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Comment: You forgot a type of pirate... (Score 5, Interesting) 232

by LinuxGrrl (#41336295) Attached to: The Futility of the Ongoing Piracy War

... The type who really would buy the content but it simply isn't available for purchase on any media in their territory, and probably won't be for a long time.

It's tough being a My Little Pony fan in the UK. :-) A more common example would be the Game Of Thrones example already best explained by the Oatmeal comic.

Comment: Re:Selective Reading (Score 1) 272

by LinuxGrrl (#36416438) Attached to: Tom's Hardware Dissects Ubuntu 11.4's Interface and Performance

Also a longtime mac fan (though admittedly not as longtime as i've had this little-used slashdot id ;-)).

I actually like unity for a lot of its mac-like touches, especially the global menubar, but I agree with this post about the point that they aped OSX in a cargo-cult way. And the autohiding application menu is a big case in point. And no, there is no way to fix that in settings, even hidden ones. It demonstrates painfully the difference between copying a successful user interface but "making it your own" and actually putting in the fundamental usability research, as Apple, to their credit, have done. The menubar behaviour is so clearly a case of making it different for the sake of making it different, and making it worse in the process.

One nice trick of Unity though, that is actually an improvement on OSX, is when you have two (or presumably more) monitors: The menubar (top panel with indicators) appears on both screens, and the menu appears on the menubar on the same screen as its associated window. With OSX the menubar is on the primary screen only and wherever the window is, that's where you have to go to get to the menu.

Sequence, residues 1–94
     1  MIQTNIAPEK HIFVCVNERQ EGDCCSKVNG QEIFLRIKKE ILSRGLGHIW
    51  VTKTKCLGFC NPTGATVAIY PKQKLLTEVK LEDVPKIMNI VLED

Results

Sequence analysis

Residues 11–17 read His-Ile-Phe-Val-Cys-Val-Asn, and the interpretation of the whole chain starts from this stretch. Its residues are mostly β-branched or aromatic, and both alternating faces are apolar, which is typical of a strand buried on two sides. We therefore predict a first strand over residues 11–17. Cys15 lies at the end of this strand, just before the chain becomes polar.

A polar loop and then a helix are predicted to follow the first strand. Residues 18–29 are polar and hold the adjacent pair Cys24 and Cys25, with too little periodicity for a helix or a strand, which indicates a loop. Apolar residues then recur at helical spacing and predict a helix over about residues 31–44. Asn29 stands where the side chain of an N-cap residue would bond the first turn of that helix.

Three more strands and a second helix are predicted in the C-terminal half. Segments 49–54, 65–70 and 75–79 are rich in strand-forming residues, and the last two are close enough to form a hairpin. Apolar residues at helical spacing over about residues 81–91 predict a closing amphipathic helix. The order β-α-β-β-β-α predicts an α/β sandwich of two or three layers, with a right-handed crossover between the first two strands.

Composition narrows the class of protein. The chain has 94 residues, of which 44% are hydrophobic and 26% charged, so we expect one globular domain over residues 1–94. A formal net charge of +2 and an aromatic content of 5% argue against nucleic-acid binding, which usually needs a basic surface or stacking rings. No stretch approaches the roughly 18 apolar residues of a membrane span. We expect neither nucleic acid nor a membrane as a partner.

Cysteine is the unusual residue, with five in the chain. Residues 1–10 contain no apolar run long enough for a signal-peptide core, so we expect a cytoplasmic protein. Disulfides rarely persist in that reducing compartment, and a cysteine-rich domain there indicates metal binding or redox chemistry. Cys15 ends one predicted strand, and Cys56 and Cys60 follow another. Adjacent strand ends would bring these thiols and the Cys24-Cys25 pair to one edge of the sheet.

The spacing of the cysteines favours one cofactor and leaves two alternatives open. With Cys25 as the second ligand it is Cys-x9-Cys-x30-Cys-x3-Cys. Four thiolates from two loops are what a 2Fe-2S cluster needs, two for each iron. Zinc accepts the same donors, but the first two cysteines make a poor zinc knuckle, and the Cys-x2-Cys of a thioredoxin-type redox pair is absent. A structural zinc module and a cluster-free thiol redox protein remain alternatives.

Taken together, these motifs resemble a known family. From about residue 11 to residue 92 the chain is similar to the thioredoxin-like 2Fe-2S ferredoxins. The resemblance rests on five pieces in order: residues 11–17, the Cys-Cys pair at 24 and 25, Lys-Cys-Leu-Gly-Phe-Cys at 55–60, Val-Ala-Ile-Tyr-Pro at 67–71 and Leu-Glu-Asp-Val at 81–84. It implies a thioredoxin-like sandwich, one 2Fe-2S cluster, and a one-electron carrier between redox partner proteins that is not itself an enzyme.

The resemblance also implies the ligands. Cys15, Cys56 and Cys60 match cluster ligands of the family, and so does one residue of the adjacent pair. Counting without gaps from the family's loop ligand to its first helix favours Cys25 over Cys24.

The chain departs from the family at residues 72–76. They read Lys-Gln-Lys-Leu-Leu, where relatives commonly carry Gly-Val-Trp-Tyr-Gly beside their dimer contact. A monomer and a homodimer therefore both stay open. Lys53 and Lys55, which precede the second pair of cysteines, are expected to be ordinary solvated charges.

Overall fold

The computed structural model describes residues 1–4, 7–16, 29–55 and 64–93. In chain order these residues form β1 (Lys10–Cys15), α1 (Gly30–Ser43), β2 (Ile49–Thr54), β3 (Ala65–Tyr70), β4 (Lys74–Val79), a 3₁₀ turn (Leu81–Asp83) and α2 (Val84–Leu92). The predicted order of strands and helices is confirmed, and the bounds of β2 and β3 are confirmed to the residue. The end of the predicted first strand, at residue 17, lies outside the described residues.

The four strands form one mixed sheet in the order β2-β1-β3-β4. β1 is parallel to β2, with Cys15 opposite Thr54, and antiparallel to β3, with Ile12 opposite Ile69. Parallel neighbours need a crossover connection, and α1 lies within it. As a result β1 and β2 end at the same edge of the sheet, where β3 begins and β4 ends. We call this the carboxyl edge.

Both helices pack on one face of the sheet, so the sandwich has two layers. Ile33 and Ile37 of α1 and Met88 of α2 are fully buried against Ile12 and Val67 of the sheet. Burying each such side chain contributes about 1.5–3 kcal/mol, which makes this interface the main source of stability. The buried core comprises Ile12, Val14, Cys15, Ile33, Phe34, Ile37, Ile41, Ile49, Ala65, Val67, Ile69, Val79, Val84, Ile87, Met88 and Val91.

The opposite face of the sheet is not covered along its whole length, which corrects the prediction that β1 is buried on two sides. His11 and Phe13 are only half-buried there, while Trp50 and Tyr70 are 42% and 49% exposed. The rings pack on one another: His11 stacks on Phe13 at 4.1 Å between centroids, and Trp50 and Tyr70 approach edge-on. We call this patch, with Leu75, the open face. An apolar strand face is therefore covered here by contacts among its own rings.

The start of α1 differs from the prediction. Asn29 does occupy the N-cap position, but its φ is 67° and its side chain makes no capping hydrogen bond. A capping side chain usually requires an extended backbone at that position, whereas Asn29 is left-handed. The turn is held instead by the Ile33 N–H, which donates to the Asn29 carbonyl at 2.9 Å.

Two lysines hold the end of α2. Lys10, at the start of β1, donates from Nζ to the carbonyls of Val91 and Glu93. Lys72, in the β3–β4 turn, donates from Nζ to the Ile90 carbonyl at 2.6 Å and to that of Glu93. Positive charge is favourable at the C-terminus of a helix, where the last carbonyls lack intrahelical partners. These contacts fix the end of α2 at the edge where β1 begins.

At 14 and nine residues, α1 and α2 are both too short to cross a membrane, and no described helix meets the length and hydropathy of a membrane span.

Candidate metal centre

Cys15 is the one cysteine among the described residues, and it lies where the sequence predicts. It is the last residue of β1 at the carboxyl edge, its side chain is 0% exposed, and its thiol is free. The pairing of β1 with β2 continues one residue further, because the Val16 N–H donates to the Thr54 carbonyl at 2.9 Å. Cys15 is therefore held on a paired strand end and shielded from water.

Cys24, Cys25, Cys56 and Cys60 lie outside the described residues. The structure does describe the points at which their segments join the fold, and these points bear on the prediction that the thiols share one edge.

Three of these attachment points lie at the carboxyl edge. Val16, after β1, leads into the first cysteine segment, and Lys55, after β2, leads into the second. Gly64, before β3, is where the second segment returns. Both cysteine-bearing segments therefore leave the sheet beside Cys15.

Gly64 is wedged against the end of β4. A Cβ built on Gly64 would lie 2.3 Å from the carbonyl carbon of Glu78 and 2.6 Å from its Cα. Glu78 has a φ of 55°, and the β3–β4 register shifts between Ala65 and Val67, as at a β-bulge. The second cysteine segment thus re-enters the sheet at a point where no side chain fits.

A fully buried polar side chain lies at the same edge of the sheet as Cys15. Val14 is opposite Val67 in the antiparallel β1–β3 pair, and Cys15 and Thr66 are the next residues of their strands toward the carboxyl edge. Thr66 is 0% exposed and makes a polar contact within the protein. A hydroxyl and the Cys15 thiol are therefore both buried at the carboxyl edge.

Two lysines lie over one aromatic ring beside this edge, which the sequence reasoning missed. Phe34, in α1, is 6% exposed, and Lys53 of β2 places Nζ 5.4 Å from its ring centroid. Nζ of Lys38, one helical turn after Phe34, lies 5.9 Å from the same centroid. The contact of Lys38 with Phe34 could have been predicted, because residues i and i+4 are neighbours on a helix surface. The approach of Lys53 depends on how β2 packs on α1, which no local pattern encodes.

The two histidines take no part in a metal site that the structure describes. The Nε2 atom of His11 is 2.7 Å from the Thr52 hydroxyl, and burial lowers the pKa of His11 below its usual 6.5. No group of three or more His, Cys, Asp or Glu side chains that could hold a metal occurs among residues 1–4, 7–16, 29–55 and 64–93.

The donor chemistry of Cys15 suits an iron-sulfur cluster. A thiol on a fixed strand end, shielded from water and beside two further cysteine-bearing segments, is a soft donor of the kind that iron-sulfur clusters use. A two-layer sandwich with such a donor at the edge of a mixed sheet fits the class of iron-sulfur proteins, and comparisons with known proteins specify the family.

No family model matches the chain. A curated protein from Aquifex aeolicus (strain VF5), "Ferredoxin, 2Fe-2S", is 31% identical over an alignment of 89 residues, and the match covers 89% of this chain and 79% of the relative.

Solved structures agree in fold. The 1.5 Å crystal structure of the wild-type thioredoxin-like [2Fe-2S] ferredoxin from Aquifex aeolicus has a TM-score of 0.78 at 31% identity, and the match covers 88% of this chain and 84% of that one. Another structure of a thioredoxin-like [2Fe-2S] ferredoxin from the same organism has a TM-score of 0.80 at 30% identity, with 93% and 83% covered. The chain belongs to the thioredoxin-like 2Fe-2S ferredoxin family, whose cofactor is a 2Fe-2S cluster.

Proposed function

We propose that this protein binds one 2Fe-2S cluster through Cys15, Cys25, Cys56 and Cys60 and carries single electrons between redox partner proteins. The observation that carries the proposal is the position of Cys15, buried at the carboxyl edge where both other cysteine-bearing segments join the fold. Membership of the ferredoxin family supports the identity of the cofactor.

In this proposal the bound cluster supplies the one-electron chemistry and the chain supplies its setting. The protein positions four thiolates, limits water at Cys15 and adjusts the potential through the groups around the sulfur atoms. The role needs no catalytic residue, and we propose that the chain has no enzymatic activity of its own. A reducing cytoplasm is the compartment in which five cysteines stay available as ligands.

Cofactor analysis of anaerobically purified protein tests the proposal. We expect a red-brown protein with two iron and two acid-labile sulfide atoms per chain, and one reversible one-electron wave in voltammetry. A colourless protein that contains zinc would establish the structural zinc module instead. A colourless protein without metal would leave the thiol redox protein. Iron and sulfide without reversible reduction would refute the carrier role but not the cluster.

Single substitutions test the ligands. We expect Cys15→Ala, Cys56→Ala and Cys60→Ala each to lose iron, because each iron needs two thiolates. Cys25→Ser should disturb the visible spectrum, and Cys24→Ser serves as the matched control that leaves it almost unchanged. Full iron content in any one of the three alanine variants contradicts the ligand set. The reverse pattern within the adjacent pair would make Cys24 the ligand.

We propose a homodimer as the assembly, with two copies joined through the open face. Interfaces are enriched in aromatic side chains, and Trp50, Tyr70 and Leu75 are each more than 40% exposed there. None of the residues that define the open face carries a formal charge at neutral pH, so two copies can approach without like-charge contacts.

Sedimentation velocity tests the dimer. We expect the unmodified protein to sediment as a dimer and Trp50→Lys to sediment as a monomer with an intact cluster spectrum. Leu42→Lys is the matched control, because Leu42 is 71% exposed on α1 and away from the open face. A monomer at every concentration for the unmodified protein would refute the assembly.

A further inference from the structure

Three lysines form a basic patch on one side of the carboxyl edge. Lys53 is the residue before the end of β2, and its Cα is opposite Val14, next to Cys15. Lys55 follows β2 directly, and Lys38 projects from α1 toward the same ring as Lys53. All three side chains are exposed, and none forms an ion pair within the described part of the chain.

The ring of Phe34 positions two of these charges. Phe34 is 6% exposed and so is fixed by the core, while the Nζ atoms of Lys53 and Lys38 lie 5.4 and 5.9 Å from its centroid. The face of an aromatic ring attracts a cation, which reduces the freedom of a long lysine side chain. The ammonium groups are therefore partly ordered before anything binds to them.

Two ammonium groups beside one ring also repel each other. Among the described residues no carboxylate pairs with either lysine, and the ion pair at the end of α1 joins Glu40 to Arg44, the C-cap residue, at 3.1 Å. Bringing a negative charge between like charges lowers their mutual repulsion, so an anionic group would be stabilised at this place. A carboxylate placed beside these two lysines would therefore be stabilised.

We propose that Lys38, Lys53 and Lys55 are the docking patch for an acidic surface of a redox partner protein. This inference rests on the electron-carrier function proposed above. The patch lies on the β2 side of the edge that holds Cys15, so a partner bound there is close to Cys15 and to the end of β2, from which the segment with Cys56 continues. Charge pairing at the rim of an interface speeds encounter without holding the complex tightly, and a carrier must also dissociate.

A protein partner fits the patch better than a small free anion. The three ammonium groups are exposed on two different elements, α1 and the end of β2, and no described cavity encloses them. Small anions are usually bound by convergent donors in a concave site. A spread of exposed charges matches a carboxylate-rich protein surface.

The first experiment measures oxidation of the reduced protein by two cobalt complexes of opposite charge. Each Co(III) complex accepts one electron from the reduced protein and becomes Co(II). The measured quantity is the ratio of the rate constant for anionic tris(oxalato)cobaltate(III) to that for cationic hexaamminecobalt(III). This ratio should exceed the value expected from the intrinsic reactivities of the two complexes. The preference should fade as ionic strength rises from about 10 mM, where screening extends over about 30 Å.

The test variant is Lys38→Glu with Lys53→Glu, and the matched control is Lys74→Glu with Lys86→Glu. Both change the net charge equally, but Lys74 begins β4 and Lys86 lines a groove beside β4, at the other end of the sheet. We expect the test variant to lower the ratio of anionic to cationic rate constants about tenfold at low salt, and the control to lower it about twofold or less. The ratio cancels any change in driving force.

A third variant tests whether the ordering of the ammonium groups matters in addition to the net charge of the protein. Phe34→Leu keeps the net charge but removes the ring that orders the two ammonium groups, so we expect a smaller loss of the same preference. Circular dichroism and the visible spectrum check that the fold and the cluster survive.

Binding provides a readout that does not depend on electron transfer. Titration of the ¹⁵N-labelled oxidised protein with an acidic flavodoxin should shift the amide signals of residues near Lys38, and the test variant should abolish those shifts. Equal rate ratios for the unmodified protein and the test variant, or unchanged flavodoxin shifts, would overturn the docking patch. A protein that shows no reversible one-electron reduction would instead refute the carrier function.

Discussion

But I don't like the increasing trend to take user options away that seems to be infecting both Gnome3 and Unity. Unity as seen on Natty isn't *so* bad, but see it in the alpha of Oneiric, or see Gnome3, and there are almost no options to affect the user interface. You can change the background and the screensaver and that's about it. Oh no wait, screensaver settings have gone from system settings too. It's making even OSX seem like a haven of user-customisability. (eg: You can move the dock to the edge you prefer, you can have the primary monitor be on the right...)

And as the complaints both here and other places show, it's not like they're getting it so right that people won't *want* to change usability settings. So it comes across as unearned arrogance, and it's going to cost them users. Not me, *yet*, but I don't like the trend.

egrep -n '^[a-z].*\(' $ | sort -t':' +2.0

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